Will Therapy with a Narcissist Help? Why it’s a Bad Idea

By Kim Saeed | Contemplating No Contact

Dec 12
will therapy with a narcissist help

Will therapy with a narcissist help?

After all, you’ve apparently committed some serious grievances against them. According to him or her, it’s a wonder you’re not on the FBI’s Most Wanted List. With their persuasion, you think back to the times you had nuclear meltdowns as you pick up the phone and dial your insurance company to find marriage counselors in your area.

You have been feeling high-strung and confused lately.  Maybe seeing a therapist will help you slip past your toxic partner’s defenses, leading to an improved relationship.

Before you start going down the list of marriage and relationship counselors, it’s important to consider that going to therapy with a Narcissist will accomplish three things: 1) waste time and money, 2) keep you in a relationship that is doomed to fail anyway and 3) likely result in your feeling like more of the “crazy lunatic” your partner keeps claiming you are.

The hard truth is that in my experience working with clients who have been pathologically abused–as well as the hours of research I’ve done–I’ve not come across one success story as it relates to couple’s therapy with a narcissist.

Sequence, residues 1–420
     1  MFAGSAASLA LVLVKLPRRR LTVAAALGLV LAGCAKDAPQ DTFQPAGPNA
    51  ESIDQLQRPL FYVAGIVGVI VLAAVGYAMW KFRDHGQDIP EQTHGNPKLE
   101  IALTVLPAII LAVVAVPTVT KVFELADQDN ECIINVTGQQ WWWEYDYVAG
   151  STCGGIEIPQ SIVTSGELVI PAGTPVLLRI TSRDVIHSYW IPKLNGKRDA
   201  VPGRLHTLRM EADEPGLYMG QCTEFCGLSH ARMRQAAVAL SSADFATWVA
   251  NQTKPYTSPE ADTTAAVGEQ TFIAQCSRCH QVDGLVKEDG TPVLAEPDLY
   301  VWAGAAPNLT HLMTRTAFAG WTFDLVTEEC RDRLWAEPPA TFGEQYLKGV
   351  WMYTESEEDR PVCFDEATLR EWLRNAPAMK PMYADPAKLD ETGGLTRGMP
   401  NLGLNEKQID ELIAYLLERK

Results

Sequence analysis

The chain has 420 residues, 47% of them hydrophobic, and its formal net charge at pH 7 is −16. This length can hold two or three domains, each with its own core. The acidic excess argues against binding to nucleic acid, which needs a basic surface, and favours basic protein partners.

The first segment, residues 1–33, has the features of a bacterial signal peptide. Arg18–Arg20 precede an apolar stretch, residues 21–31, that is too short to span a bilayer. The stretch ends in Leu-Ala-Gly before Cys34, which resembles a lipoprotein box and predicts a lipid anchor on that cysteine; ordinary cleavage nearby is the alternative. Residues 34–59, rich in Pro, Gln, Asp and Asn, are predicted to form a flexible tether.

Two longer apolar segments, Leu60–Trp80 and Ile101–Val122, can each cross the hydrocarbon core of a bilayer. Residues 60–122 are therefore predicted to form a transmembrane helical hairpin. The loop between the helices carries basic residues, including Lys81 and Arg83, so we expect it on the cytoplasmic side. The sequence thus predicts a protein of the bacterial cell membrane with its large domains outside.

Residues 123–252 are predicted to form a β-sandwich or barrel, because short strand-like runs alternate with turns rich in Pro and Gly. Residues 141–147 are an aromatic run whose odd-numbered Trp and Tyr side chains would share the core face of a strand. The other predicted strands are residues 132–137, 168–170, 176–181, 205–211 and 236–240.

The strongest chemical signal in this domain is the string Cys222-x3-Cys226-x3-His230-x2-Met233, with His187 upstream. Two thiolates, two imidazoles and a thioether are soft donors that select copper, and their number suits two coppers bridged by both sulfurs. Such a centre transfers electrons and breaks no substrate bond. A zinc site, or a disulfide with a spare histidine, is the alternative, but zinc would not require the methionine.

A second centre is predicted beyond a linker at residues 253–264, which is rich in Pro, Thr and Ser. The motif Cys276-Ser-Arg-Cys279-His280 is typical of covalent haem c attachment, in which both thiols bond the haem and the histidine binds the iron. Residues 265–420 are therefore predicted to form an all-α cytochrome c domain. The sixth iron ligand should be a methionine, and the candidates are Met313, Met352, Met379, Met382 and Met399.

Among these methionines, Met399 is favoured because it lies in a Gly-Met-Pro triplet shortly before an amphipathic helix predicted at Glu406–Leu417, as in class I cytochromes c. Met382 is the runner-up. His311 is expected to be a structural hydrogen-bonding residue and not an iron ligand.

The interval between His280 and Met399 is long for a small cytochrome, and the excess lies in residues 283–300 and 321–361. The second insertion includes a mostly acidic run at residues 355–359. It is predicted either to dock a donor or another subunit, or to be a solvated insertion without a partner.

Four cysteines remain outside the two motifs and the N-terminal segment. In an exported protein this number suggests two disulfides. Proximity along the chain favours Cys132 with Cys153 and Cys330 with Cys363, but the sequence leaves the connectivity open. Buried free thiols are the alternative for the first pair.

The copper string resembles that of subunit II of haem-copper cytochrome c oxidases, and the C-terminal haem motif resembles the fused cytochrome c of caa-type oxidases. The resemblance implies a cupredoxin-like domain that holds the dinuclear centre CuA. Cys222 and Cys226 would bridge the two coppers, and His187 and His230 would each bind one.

Not one.  (It sure did nothing to help me!)

Sure, your toxic partner might agree to go to counseling with you, but it’s not to make any improvements or lasting change. Narcissists don’t go to therapy because they finally realize they’re selfish and have been mistreating you.  They do it to keep you feeling hopeful (in order to keep you trapped longer) by enhancing their facade of trying to “make it work”.

Narcissists don’t go to therapy with goals in mind (such as improving their relationship with you).  They go to therapy with agendas in mind.

There are many reasons for the lack of counseling/therapy success with a narcissist, including:

  • Narcissists are masters at creating great impressions. Because of this, some naïve therapists side with the narcissist regarding the extreme and despicable claims made against the true victim – the one being emotionally and/or physically abused!
  • Narcissists are creatures of economy.  By the time they agree to go to counseling, they’ve committed numerous relationship crimes, and the easiest way to get you to forgive them is to feign remorse and agree to go to therapy.